General Motors Corp. yesterday extended a program that allows customers to buy vehicles at discounted employee prices, prompting Ford Motor Co. and Chrysler to follow with similar incentives of their own.

The escalating price war among the Big Three U.S. automakers underscores the battle to retain market share and beat back intense competition from foreign manufacturers. The moves yesterday follow a series of incentives GM and other automakers have offered buyers, including low- or no-interest-rate loans, cash back refunds and extended warranties.

GM's offer, which was due to expire yesterday, proved so successful the company will continue it until Aug. 1. The company launched the program in June, after a dismal first quarter, in an effort to stoke sales and clear out 2005 inventory before launching its 2006 models. Sales in the month surged 41 percent from a year earlier, to the highest monthly level since September 1986.

"The strength of the program and dealer response led to us considering moving this on for another month," said Christopher Preuss, a GM spokesman. "Certainly the program has been successful beyond our expectation."

GM should not expect the sales bounce to be as strong in the second month, warned Jesse Toprak, senior analyst with "Since others are matching the program this month, the effectiveness will be less," he said. "The good side is you sell more cars, clear out excess inventory. . . . The flip side is they are essentially selling the deal and not the car, and that's always been the problem for domestics, especially for the last few years."

GM embarked on a similar strategy shortly after the Sept. 11, 2001, terrorist attacks, fending off a potential drop in sales by offering deep discounts and interest-free financing. The public soon grew to expect such incentives, and automakers had to keep offering deeper discounts even as sales began to fade.

GM began backing away from the discount strategy early this year. The new round marks a dramatic return to a strategy many experts have said buys short-term sales at the expense of profitability.

GM's market share in the United States grew 6.7 percent in June, to 32.1 percent, the highest level since December 2002, according to The employee discount, which does not apply to Corvettes, Pontiac GTOs or medium-duty trucks, knocks an average of 4 percent off the invoice price. A Buick LeSabre normally listed at $29,000, for example, would sell for $22,738 with the discount. The program increased GM's incentive spending by an average $136 to $3,865 per vehicle sold in June.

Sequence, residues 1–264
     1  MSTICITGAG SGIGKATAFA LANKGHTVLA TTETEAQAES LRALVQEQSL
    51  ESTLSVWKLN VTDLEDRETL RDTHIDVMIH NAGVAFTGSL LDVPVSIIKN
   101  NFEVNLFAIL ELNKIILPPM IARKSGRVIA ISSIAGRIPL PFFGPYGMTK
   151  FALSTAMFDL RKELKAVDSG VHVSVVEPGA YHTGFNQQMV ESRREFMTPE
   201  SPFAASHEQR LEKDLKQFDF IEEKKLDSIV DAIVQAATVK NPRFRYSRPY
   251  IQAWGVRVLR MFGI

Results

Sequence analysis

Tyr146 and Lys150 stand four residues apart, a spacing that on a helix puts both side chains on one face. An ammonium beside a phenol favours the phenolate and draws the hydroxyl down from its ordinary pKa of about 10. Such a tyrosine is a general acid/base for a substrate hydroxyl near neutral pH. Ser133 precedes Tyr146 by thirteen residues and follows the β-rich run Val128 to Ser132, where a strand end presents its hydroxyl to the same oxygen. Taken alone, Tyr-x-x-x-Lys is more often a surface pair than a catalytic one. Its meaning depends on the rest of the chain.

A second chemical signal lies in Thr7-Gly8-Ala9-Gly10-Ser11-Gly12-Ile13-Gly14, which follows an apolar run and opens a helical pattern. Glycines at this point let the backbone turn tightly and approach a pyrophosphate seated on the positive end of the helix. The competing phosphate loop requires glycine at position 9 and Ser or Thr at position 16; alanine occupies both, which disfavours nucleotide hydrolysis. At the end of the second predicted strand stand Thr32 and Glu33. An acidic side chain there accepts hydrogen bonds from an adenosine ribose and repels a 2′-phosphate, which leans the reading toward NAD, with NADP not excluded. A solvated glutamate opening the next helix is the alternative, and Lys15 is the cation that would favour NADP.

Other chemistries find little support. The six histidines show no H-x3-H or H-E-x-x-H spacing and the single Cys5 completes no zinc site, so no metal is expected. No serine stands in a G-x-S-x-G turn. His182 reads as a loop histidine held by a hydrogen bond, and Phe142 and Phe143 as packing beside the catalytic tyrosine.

"With GM essentially considering that '05 is a lost cause, it's a matter of getting inventory down and generating some momentum to the point where they are getting into position for '06," said Kevin Tynan, senior auto analyst with Argus Research. "So if they can bring inventory down low enough through the end of year, the first quarter of '06 will be the first in eight or nine quarters where you see increased productivity."

Ford and DaimlerChrysler AG's Chrysler Group took their cue from GM's sales boost. "If you look at the month of June, the customer spoke pretty loudly they like a great deal," said Ford spokesman David Reuter.

The Ford program offers a similar employee discount to all customers but does not apply to Mustang and GT cars, the hybrid gasoline-electric Escape sport-utility vehicle, or Ford's Volvo, Jaguar, Land Rover and Aston Martin brands.

The 2005 Explorer 4X4 will have a discounted employee price of $29,577 compared with a regular sticker price of $33,860, Reuter said. With an additional cash-back rebate of $4,000, the final price would be $25,577.

Chrysler said it would announce details of its program today. "Certainly [GM] got a lot of traffic from that program they offered," said Kevin McCormick, a Chrysler spokesman. "It was something we kept our eye on over the course of the month to see what impact it had."

GM's sales jump followed the company's $1.1 billion first-quarter loss and a downgrade of its bonds to junk status by two major credit rating agencies. The company has been in talks with the United Auto Workers union to discuss decreasing employee health care programs to cut costs.

Last month, Mark LaNeve, GM's vice president of sales, service and marketing, told several reporters that the company was considering extending the program. He said it was created to get customers back into GM showrooms. "We wanted to get the focus back on the product. That was the genesis," he said.

GM shares rose 12 cents, to $34.77 yesterday, while Ford shares rose 9 cents, to $10.80. Shares of DaimlerChrysler AG dropped 38 cents, to $40.10.

A sign on a vehicle advertises GM's sales promotion programs at the Albertson dealership in Culver City, Calif.